A friend of mine on the east coast called me this morning to let me know that she adopted a kitten. Never having had a pet before, she is understandably a little nervous about what she has just gotten herself into. This is how our conversation went:
“Now that you work at a humane society, you’re like…an expert on dogs and cats now, right?” she said, wasting no time with useless pleasantries like, “hello! How are you?”
Gawd I love East Coasters.
“I suppose you could say I know a thing or too.” I responded with a chuckle.
“Ok, so I just adopted this kitten, and I need to know everything you know about how to keep cats alive,” she said, matter of factly. “Oh, and I named her Hello.”
“You named your kitten Hello?” I asked, unsure if I heard her correctly.
“Yeah, she’s a kitty, and her name is Hello.” she replied, “Get it? Hello Kitty?”
I laughed. “Yes, I get it. That’s either the dumbest name to ever name a cat, or it’s genius.” I said, “I can’t decide.”
“It’s genius.” she confirmed.
We went through some of the basics, and it was clear that she’d obviously done her homework about cats and cat behavior before plunging in. She even taught me a thing or two. She’s one of the most Type-A personalities you’ll ever meet, so I assumed there was a spreadsheet somewhere she was keeping to project manage her new life with Hello.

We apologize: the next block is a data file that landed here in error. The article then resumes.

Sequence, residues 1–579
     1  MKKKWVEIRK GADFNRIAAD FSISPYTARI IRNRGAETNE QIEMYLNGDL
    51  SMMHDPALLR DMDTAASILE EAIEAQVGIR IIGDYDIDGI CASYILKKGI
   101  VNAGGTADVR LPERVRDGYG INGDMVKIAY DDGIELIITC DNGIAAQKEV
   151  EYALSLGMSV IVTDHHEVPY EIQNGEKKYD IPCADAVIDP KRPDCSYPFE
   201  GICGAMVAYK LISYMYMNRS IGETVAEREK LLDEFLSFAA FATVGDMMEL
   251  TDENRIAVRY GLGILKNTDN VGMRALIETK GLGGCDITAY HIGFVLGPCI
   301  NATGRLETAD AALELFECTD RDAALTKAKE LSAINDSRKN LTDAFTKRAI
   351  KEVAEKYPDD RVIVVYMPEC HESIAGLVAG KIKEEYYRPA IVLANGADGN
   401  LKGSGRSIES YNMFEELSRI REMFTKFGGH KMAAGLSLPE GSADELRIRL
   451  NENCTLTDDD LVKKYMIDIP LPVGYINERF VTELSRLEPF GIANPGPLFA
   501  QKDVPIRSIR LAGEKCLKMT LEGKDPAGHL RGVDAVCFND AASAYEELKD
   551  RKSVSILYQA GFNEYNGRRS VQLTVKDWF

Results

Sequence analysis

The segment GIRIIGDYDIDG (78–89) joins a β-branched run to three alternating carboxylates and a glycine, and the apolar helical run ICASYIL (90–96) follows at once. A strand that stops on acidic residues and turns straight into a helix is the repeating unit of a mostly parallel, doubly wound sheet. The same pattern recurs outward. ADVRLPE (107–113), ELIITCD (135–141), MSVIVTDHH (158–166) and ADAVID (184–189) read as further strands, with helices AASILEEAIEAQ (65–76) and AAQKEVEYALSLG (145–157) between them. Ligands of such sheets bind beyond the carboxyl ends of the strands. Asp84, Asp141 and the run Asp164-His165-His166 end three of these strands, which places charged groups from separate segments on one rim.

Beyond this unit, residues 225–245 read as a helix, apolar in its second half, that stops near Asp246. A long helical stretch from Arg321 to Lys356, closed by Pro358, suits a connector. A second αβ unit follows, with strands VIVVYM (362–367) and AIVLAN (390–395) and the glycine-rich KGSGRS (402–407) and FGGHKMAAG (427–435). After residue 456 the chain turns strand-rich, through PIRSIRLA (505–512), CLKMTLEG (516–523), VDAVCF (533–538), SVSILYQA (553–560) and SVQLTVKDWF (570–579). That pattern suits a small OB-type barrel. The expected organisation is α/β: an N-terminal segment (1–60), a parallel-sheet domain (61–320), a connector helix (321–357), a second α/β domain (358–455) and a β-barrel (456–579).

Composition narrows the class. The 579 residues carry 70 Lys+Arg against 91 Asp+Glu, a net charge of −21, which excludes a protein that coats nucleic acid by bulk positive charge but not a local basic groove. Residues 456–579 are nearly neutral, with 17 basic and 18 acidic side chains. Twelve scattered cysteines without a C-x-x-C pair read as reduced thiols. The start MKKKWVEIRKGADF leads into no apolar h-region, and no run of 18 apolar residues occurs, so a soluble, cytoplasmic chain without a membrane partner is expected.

She started throwing me rapid fire questions about everything from nutrition to specifically how much play time she should schedule per day.
Now, thanks to my Type-A friend and her new kitten Hello, I had a great idea for my column this week! Without further ado, here are 10 things you should never do to your cat:
You should not force attention on cats.
Though cats enjoy human attention, they like it in smaller doses than dogs, and on their own terms. You should respect this basic need of your feline friends and never force attention on them, such as holding them against their will.
Don’t bring plants into your home before checking that they are safe for cats.
Lilies, which are often found in flower bouquets, are highly toxic to cats and consumption of any part of this plant can lead to kidney failure and death. In fact, lilies are so toxic to cats that even sipping the water in a vase containing them can lead to kidney damage.
For a more complete list of plants that are poisonous to cats, check the ASPCA’s Animal Poison Control Center site.
Don’t let your cat play with yarn or string.
Ingesting yarn or string can cause what veterinarians call a linear foreign body. Intestines become scrunched and knotted as they attempt to pass the yarn. This results in the death of sections of the intestines that must be surgically removed. Toys that have been certified as cat-safe are a far better option for feline fun. Consult your vet if you’re unsure about the appropriateness of any of your pets’ toys.
Don’t teach cats to “hand play.”
Whether it’s a laser pointer or a light cord, cats love to bat at things that move their way.